Background: Obstructive sleep apnea syndrome (OSAS) influences endothelial function and causes hypertension.
Objectives: Our aim was to evaluate the role of endothelial dysfunction in the pathogenesis of hypertension in OSAS.
Methods: Twenty-three patients with OSAS but without hypertension and 15 healthy normotensive subjects were investigated. The presence or absence of OSAS was evaluated with a sleep study. Endothelial function was investigated with brachial artery ultrasound examination.
Results: Baseline characteristics were equivalent between the two groups. Minimal oxygen saturation and apnea-hypopnea indexes in the OSAS and control groups were 62.9 +/- 16.5 versus 94.9 +/- 1.1% (p < 0.0001) and 53.1 +/- 20.3 versus 3.8 +/- 0.9 (p < 0.0001), respectively. There was not statistically significant difference between basal brachial artery diameters measured in the morning and in the evening in all groups. Flow-mediated dilation (FMD) values measured in the morning were lower than those measured in the evening in both OSAS patients and the control group: FMD of OSAS patients was 6.04 +/- 3.18% in the morning and 10.38 +/- 4.23% in the evening hours (p = 0.001), and FMD of control subjects was 10.9 +/- 2.6% in the morning and 13.9 +/- 2.32 in the evening hours (p = 0.002). Differences in FMD values measured both in the morning and evening hours in OSAS patients were lower compared with those in control subjects (p < 0.0001 in the morning hours and p = 0.003 in the evening hours).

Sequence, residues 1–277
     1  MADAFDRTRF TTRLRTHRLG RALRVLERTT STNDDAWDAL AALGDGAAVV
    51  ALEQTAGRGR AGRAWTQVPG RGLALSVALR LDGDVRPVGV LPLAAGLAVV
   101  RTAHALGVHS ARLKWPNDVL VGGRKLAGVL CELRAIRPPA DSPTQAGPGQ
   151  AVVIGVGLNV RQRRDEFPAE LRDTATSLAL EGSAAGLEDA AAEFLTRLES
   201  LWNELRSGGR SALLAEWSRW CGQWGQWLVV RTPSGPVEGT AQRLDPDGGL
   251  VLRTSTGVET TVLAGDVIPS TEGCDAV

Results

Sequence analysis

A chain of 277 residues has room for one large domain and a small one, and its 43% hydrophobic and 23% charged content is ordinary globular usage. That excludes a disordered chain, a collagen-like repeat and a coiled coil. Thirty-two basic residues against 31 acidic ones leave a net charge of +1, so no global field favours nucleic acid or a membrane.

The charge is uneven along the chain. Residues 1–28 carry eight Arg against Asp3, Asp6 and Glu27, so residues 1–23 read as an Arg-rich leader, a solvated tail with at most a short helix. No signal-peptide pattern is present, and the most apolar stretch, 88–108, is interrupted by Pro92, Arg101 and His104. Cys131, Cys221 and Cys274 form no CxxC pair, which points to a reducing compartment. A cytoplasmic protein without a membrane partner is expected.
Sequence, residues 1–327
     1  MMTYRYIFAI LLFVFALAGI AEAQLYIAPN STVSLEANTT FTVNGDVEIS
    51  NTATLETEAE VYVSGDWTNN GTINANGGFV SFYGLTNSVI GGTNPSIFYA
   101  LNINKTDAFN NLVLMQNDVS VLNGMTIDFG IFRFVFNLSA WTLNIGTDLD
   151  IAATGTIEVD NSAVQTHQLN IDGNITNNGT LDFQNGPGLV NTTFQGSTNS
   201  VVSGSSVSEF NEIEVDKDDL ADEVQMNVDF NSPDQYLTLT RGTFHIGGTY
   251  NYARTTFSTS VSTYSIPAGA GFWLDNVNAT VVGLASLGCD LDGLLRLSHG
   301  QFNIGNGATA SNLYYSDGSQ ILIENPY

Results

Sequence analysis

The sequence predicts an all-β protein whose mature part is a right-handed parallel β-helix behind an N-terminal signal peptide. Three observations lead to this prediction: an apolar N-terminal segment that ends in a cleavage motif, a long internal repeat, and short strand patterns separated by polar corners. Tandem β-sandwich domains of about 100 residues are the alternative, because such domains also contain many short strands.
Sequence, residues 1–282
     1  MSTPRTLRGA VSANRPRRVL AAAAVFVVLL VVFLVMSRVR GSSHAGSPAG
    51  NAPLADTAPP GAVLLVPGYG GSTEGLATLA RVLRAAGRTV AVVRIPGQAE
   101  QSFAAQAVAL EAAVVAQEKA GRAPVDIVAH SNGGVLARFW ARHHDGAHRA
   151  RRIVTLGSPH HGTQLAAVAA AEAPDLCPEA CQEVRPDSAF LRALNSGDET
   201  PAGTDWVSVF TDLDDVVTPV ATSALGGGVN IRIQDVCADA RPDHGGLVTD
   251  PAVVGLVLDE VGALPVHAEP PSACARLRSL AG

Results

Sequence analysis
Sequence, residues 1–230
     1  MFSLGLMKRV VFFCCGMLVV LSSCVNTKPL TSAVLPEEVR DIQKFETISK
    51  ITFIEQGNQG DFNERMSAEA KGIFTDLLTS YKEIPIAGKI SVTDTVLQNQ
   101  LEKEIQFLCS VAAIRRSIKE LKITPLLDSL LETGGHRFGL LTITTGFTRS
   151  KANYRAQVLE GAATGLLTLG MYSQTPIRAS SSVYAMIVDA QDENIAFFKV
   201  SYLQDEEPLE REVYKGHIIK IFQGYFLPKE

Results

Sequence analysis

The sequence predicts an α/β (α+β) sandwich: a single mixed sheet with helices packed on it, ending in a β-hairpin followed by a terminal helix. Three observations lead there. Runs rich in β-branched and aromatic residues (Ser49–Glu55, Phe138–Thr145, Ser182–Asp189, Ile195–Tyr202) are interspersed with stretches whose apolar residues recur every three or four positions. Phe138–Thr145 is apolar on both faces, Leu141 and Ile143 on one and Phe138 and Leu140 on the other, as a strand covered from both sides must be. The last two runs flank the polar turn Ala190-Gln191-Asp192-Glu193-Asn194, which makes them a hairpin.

Conclusions: We detected a prominent diurnal deterioration in endothelial function in normotensive OSAS patients compared with healthy subjects. This deterioration may occur due to ongoing hypoxemia during the night and it may be a possible cause of hypertension and atherosclerotic cardiovascular diseases in patients with OSAS.